Pause for a walk improves metabolism in sedentary children

By Eleanor McDermid, Senior medwireNews Reporter
J Clin Endocrinol Metab 2015; Advance online publication
29 September 2015

medwireNews: Brief periods of moderate exercise can offset the adverse metabolic effects of long bouts of sitting in children, shows a randomised trial.

Just 3 minutes of moderate-intensity walking every 30 minutes of a 3-hour period that was otherwise sedentary resulted in significantly lower levels of insulin, C-peptide and glucose, report Britni Belcher (National Cancer Institute, Bethesda, Maryland, USA) and co-researchers.

The findings tally with previous research showing that interrupting sitting caused reductions in insulin and C-peptide in adults.

“Taken together, these findings suggest that interrupting sitting with short bouts of activity has an effect on acute glucose homeostasis”, the researchers write in The Journal of Clinical Endocrinology & Metabolism.

They note, however, that the 28 children (aged 7–11 years) who completed the study were within the normal weight range for their age, so the results may not apply to overweight and obese children.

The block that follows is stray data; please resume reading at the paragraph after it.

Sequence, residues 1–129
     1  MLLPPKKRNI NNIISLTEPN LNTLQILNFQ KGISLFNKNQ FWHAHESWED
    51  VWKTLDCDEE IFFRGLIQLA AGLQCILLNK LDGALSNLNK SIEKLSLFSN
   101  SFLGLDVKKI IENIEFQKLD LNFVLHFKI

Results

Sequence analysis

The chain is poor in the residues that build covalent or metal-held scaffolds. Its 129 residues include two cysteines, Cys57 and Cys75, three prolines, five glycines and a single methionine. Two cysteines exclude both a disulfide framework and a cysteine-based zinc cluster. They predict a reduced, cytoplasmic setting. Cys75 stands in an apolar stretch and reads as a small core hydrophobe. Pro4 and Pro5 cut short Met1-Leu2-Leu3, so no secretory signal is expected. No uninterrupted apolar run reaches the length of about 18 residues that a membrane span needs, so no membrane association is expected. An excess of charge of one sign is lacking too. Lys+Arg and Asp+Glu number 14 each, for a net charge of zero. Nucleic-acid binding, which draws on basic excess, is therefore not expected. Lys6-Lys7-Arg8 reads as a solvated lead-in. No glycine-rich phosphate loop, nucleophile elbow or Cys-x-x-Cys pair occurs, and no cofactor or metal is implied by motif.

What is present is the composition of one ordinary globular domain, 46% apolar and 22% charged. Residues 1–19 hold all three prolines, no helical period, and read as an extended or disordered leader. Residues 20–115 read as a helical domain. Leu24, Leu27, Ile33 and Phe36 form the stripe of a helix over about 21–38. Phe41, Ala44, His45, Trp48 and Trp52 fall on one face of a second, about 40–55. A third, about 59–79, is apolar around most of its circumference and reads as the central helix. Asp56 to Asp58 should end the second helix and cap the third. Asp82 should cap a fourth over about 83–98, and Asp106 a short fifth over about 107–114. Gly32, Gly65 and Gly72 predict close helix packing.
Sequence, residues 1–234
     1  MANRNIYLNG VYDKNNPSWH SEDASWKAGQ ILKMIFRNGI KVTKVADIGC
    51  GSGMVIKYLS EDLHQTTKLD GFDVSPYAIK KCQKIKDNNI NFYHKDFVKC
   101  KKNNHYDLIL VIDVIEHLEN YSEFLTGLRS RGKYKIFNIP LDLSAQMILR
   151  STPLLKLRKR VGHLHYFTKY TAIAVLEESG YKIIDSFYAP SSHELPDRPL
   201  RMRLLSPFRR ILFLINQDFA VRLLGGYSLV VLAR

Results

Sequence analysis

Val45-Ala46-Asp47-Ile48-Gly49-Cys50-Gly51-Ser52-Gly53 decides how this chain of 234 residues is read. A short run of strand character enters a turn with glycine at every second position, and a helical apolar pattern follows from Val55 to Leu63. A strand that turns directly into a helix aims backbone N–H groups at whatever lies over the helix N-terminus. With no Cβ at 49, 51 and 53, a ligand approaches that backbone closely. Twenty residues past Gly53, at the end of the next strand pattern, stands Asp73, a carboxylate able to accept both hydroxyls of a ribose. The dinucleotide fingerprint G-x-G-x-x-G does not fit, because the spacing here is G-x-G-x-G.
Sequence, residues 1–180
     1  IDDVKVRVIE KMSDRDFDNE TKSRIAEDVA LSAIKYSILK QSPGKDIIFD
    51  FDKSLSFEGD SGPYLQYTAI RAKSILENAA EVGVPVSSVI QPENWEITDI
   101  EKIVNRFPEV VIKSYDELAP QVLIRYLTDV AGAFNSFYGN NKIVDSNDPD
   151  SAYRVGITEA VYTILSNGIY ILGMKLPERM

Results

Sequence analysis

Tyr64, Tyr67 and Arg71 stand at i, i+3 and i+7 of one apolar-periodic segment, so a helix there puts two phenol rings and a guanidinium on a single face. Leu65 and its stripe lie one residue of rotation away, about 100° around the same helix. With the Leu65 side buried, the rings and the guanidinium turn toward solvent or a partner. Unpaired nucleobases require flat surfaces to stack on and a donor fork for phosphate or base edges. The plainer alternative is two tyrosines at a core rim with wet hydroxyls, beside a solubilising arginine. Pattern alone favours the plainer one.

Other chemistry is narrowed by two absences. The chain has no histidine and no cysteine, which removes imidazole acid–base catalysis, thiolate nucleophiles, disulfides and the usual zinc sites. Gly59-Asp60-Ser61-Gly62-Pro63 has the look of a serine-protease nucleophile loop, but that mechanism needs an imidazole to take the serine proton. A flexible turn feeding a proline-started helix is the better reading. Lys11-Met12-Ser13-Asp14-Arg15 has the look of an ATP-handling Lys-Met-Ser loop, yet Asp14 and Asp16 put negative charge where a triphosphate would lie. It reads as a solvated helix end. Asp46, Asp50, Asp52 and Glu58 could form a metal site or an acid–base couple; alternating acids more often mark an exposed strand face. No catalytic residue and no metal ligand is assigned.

The study participants undertook an oral glucose tolerance test, during which they either sat still for the entire 3 hours, or did 3 minutes of walking on a treadmill every 30 minutes at 80% of their individual ventilatory threshold. The children undertook the two conditions in a randomised order, with a gap of at least 7 days between the two.

Children’s average insulin levels were significantly lower during the interrupted than uninterrupted sitting, at all timepoints except baseline, with the average area under the curve (AUC) being 32% lower (5448 vs 8036 µU/mL per min).

C-peptide levels were lower between 30 and 180 minutes, with the AUC being a significant 17% reduced (774 vs 929 ng/mL per min), and the average glucose AUC was a significant 7% lower (18,855 vs 20,181 mg/mL per min).

Levels of free fatty acids and triglycerides did not significantly differ, on average, leading the researchers to suggest that a longer sedentary period might be necessary to affect these variables.

They note that the increased activity during the interrupted sitting condition did not cause children to eat more from the buffet meal that was offered at the end of the sitting period, indicating that the amount of exercise undertaken was not sufficient to prompt increased energy intake.

“If these effects can be demonstrated over longer time periods, the small increases in energy expenditure from interrupted sitting and improved metabolic responses may potentially lead to better energy balance and glucose homeostasis in healthy children”, concludes the team.

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